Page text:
A company which sells identity theft protection services agreed Thursday to pay a fine of $100 million for failing to protect consumer data in the largest settlement on record, officials said.
The US Federal Trade Commission said its settlement with LifeLock came after the company failed to comply with a 2010 federal court order requiring it to secure consumers’ personal information and prohibiting deceptive advertising.
It is the largest monetary award obtained by the commission in an order enforcement action, the FTC said.
“This settlement demonstrates the Commission’s commitment to enforcing the orders it has in place against companies, including orders requiring reasonable security for consumer data,” said FTC Chairwoman Edith Ramirez.
“The fact that consumers paid LifeLock for help in protecting their sensitive personal information makes the charges in this case particularly troubling.”
LifeLock charges customers between $10 and $30 month to monitor the Internet for information that could lead to identity theft.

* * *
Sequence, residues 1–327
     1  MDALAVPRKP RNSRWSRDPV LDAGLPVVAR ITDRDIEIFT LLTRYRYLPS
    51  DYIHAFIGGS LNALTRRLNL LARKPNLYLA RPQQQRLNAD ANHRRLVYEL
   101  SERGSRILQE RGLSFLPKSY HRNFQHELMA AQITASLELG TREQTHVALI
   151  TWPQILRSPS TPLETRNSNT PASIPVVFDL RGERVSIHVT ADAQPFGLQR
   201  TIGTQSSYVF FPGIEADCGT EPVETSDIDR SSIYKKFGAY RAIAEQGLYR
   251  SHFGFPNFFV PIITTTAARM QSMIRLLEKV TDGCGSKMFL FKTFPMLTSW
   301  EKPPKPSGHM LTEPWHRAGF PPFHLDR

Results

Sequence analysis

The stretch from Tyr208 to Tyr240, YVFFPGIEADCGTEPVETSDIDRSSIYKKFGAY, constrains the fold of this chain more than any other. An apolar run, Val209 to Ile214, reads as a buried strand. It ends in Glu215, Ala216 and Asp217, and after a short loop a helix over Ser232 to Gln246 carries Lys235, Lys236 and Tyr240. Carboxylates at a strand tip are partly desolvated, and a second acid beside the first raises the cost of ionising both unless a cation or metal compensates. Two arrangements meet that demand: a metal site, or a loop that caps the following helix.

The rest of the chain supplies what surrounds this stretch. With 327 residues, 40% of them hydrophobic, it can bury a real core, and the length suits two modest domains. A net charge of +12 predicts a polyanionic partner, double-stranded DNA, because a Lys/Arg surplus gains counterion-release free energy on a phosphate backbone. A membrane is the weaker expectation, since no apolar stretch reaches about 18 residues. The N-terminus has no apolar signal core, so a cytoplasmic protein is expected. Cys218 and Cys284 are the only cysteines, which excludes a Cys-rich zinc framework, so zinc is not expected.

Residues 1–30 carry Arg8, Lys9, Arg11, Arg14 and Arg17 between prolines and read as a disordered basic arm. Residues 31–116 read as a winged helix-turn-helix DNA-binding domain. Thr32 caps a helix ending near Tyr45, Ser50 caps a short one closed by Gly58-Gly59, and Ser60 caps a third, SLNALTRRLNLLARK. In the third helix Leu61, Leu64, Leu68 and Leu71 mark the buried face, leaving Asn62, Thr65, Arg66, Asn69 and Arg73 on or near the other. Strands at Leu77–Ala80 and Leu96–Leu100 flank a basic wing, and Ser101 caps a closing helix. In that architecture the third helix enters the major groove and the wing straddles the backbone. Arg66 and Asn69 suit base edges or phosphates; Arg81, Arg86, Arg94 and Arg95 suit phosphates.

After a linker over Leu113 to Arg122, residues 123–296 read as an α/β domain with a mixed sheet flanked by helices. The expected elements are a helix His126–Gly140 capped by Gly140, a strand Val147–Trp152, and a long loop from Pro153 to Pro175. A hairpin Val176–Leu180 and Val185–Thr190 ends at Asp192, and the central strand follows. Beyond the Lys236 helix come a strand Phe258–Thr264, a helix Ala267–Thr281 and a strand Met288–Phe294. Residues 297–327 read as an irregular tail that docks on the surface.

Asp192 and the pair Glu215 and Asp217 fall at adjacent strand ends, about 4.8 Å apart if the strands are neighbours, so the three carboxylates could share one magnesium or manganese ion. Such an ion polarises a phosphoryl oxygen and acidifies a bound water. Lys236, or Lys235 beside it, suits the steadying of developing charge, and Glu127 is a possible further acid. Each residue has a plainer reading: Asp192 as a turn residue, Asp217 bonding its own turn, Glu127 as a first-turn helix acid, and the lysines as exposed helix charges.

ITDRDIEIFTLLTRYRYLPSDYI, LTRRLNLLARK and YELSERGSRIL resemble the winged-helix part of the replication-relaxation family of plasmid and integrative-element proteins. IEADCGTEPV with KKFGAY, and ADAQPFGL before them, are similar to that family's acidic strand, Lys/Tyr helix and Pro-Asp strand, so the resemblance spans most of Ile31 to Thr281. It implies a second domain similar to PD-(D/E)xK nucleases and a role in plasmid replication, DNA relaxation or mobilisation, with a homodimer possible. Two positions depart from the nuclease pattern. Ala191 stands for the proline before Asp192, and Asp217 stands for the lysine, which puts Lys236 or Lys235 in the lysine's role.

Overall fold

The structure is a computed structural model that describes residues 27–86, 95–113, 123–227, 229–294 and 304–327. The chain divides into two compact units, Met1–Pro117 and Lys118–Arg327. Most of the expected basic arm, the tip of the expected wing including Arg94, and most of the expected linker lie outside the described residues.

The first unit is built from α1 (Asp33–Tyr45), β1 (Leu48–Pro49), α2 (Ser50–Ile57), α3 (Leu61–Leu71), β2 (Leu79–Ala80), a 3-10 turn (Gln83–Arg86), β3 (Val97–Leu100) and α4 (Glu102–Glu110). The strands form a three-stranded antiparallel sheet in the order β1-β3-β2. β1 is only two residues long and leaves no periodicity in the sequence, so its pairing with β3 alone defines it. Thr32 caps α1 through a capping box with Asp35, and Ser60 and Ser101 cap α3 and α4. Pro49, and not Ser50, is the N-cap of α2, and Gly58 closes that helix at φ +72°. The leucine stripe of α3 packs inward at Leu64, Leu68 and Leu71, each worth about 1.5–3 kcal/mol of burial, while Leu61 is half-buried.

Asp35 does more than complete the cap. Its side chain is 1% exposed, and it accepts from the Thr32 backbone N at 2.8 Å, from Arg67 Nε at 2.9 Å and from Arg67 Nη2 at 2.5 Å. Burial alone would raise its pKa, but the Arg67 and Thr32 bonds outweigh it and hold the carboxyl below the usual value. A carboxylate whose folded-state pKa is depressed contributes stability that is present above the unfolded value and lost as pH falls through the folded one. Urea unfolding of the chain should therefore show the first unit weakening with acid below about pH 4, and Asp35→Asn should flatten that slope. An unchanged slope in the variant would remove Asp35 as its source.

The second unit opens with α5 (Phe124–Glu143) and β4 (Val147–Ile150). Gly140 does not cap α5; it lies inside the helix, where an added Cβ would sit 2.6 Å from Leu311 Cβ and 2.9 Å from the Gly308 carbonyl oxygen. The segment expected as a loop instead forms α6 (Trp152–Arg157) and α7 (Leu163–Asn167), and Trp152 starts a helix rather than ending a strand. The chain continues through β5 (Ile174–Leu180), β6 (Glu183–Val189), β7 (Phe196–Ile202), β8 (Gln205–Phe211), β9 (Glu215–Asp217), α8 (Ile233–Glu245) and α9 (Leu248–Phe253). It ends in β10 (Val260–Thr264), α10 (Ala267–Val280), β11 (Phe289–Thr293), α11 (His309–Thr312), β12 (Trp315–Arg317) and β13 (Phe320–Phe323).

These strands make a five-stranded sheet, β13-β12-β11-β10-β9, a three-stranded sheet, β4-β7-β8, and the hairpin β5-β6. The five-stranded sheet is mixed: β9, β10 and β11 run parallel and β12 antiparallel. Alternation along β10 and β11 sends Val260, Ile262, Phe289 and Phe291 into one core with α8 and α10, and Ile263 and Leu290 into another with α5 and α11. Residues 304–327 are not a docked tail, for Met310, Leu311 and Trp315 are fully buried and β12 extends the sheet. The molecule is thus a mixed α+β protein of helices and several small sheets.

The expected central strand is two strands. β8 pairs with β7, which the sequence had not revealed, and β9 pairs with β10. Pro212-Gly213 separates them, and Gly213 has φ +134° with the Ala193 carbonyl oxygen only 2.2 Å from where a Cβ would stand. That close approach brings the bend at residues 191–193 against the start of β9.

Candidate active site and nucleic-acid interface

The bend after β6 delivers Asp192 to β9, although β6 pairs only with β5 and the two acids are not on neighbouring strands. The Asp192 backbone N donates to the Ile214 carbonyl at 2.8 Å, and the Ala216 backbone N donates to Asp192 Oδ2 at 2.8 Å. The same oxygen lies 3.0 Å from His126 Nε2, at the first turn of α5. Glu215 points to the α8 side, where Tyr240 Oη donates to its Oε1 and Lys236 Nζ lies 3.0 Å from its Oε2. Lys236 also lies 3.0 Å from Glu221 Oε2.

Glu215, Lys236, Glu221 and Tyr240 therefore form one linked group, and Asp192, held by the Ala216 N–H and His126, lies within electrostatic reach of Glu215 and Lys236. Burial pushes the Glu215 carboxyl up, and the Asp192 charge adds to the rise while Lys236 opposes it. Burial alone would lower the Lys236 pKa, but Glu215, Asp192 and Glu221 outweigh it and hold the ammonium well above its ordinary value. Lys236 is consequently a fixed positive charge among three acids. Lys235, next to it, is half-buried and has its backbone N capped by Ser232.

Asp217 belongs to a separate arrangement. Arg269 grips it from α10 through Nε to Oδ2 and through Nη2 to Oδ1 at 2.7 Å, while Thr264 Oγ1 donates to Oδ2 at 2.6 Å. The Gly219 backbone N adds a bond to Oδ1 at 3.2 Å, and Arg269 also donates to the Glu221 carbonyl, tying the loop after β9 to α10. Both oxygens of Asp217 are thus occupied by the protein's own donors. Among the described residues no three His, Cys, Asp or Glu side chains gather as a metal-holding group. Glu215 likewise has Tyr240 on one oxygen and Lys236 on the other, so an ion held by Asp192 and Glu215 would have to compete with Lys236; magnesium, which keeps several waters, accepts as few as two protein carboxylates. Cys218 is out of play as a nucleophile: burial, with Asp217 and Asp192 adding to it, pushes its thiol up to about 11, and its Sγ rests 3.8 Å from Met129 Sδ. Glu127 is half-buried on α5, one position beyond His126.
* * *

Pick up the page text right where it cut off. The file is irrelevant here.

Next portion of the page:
It claims to scan “a trillion data points” daily for threats and offers a $1 million guarantee, according to its website.
A company statement Thursday said the settlement would “enable LifeLock to move forward with a singular focus on protecting our members from threats to their identity.”
It said the allegations by the FTC related to ads and practices that have been discontinued.
“There is no evidence that LifeLock has ever had any of its customers’ data stolen, and the FTC did not allege otherwise,” the statement said.
Under terms of the settlement, the company will pay $100 million which may be used to reimburse customers claiming they were deceived by LifeLock. Some $68 million of the total will be paid to participants in a class-action lawsuit.
The FTC and others claimed LifeLock made false claims about safeguarding the personal information it collects from customers, including “falsely advertising that it protected consumers’ sensitive data with the same high-level safeguards as financial institutions.”